Interference is often periodic or highly repetitious. This is clear in the realm of cellular communications. Interference often has predictable characteristics even when a-periodic and irregular in time.
 In cellular communications using code division multiple access transmissions (CDMA), one example of a closed system may be assumed to be an array of perhaps eight pairs of user equipment (UE) communicating within a cell. The signal emanating from each sending user equipment may take several paths in traversing its primary path to the base station. These paths may represent reflections from interfering physical objects. The received signals at the base station have then a significant amount of parallel interference. This interference must be eliminated to reconstruct a clear replica of the transmitted signal for passage to the receiving user equipment.
 The task of the base station includes determining the signal processing parameters to accomplish this parallel interference cancellation. These processing parameters take the form of a matrix of parameters describing the composite effects of the environment on known signals transmitted between the eight user pairs. The existence of pre-determined parameters stored in the base station is crucial to the development of effective interference cancellation techniques. Most prevalent among the values used in cancellation calculations are the pseudo-noise parameters and the finger spreading parameters.
 Origins of Bits, Symbols and Chips
 Bits of user data to be transmitted are coded in symbols. In binary phase shift keying (BPSK), a single bit is coded by a one-bit code. Among the more complex coding schemes is quadrature phase shift keying (QPSK), which is defined by a constellation diagram and could prescribe two bits to form the symbol. Pseudo-noise parameters describe the conversion of the constellation-based symbol coding into a sequence of chips, for example 64 chips per symbol. This spreading into chips provides a vehicle to employ techniques necessary for spread spectrum communication processing. Chips are the actual unit of data communication through the interfering environment. As such the chip transmission rate is limited by allocated bandwidth and guard-banding considerations. Thus an actual data bit is transmitted by spreading factor (SF) chips. In a given environment having multi-path signal reflection effects these chips undergo multipath spreading.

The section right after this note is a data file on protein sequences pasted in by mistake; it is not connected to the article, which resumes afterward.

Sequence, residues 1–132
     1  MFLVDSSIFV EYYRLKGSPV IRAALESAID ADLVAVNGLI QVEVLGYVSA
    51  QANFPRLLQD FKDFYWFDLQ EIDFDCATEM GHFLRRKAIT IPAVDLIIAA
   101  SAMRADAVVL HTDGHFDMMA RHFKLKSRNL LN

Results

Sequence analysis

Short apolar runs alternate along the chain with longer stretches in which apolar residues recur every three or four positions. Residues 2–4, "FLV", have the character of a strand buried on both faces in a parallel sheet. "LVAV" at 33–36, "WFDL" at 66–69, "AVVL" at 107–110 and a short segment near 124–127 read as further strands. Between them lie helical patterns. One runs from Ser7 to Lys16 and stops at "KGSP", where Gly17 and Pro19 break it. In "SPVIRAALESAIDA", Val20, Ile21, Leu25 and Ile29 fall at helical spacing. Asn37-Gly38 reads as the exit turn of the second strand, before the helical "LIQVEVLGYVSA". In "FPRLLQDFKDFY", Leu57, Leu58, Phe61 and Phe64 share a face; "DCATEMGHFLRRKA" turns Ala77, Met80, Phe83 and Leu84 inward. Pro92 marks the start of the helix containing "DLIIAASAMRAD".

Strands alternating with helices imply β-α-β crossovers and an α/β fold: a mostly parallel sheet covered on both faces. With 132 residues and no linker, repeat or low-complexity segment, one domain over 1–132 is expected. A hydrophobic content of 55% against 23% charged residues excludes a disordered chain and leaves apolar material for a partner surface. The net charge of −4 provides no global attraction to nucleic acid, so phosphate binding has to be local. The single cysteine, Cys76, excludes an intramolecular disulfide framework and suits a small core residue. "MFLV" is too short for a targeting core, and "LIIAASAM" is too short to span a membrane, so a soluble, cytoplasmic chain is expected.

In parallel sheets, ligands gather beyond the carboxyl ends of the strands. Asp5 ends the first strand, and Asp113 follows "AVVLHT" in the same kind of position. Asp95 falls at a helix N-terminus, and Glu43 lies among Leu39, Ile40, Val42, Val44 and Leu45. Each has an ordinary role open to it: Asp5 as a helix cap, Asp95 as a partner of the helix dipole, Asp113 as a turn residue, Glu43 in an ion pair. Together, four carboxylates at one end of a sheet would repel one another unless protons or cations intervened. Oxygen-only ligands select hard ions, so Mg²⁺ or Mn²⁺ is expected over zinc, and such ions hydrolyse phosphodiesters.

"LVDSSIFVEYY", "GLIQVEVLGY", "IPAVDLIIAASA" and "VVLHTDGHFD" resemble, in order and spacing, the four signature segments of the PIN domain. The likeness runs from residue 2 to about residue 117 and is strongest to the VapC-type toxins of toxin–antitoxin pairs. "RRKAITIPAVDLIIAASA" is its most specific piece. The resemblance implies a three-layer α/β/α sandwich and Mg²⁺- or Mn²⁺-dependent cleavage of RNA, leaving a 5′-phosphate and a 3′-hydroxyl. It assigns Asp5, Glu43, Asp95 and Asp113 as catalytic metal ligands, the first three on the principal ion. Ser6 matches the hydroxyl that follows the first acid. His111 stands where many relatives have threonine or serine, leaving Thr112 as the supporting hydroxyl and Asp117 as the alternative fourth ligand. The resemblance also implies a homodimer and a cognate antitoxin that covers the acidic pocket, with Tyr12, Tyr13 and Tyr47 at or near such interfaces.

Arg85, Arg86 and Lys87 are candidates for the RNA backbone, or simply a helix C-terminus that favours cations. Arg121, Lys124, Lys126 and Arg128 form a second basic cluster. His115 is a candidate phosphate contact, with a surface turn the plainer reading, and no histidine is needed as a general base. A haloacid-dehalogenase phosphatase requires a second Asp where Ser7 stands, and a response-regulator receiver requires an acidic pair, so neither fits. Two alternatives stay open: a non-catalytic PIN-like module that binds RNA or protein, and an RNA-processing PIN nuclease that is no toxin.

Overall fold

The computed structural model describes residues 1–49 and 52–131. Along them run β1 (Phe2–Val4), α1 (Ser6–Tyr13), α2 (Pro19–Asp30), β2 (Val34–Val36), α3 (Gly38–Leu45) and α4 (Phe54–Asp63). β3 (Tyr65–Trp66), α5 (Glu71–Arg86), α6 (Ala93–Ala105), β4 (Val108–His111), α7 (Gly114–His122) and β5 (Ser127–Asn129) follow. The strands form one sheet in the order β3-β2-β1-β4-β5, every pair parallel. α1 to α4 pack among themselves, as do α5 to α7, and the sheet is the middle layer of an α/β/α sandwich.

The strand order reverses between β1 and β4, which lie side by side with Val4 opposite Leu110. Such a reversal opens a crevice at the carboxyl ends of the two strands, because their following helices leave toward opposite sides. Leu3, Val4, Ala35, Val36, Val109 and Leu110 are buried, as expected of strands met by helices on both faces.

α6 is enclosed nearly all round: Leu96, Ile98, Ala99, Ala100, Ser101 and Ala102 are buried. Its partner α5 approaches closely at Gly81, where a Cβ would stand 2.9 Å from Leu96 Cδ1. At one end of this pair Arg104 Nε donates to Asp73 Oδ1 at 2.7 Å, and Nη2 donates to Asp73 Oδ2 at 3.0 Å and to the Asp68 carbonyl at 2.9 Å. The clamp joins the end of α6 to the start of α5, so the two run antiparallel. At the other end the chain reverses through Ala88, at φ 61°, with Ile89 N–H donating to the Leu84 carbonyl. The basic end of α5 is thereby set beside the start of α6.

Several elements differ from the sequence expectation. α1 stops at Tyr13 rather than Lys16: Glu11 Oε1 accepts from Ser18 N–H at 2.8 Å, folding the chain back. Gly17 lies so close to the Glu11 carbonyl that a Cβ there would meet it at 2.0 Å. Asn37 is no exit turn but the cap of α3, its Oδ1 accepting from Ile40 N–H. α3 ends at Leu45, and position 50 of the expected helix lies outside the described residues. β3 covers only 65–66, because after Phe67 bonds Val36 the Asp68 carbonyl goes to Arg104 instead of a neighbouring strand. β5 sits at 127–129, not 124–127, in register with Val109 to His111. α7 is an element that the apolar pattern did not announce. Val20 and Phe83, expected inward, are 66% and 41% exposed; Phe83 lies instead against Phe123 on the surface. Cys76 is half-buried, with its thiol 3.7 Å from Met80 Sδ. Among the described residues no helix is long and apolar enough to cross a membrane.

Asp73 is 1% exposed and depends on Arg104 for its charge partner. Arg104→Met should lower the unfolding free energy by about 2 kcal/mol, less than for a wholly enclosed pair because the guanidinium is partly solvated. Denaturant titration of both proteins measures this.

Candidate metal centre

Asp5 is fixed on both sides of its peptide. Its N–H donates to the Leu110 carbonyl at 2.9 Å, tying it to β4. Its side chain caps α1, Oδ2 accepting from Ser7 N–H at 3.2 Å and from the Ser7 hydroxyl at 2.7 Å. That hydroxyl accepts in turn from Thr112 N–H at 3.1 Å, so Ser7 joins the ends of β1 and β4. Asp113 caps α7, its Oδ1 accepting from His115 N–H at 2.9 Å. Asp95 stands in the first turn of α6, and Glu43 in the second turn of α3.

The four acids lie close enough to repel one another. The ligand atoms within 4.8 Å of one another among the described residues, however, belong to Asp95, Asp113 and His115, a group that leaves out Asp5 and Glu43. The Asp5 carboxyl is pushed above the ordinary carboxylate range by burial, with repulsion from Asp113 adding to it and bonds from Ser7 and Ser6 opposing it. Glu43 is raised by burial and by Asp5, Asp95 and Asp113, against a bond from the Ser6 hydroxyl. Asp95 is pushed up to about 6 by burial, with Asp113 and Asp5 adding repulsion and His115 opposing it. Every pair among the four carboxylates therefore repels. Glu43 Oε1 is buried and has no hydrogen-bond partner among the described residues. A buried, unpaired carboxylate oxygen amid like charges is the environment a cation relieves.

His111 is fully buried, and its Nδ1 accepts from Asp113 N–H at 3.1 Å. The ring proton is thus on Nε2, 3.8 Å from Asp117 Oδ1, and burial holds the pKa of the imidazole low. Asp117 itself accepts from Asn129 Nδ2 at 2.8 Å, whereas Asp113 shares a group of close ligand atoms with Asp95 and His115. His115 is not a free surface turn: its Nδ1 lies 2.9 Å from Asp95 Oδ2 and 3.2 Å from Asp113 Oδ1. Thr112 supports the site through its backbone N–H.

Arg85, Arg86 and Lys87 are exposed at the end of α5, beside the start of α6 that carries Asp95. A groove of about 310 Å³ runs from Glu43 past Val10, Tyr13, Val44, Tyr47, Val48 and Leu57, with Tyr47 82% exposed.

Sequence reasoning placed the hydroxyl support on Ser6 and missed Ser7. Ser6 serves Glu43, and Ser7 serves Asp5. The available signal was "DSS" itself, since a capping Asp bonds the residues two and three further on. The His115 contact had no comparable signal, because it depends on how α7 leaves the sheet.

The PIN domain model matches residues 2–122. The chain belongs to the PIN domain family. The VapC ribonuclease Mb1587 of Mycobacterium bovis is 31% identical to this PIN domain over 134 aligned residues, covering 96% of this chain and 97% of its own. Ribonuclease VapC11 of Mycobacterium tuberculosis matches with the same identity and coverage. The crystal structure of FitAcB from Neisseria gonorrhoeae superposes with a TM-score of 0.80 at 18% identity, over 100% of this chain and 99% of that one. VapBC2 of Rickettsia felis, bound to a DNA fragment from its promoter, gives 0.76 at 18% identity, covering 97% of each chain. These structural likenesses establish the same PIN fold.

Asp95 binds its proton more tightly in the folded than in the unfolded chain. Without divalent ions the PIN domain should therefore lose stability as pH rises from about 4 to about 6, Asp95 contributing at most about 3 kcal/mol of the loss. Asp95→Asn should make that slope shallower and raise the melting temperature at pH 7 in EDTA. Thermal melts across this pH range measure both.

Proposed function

For cellular communications in particular, one highly developed technique for reduction of the effects of interference is the parallel interference cancellation (PIC) algorithm for CDMA based cellular receivers. Implementation of the parallel interference cancellation algorithm may take many forms. The key in development of an effective implementation lies in efficient use of standard digital signal processor operations augmented through special processing features. A wide variety of digital signal processors already exist. Cost effective solutions to parallel interference cancellation can be achieved most efficiently by (1) choosing the best adaptable basic processor and then (2) adding the augmented processing to arrive at a special processor solution that involve minimal changes from the standard processor base.
 Consider a transmission of eight users to a given base station. Assume the base station determines that the transmission of each user through an. environment E will undergo multiple paths resulting in four paths of signal information. The initial bit oriented data to be transmitted is designated by an 8 by 1 matrix [Tbit]. [M] is a block diagonal matrix of size 32 by 8 whose blocks on the diagonal are column vector estimates of the effect of the channel for each user. The vector estimates of [M] are illustrated graphically the vertical lines in 107 of FIG. 1. These vectors are channel estimates of each multi-path component. In this example the transmission of a user includes four paths and the column vectors (vertical lines in 107) are 4 by 1 with each element being the effect of the channel (essentially a complex attenuation) on each path.
 Consider the spreading matrix [S], having the form 109 illustrated in FIG. 1. The vector [ERCode] that represents the base stations estimate of the received signal without noise is given by:
[ER Code ]=[S]×[M]×[T bit] (1)
 This assumes that the modulation is binary phase shift keying (BPSK) so that the sign of the detected symbol indicates the bit value. A similar expression can be written for other modulation formats.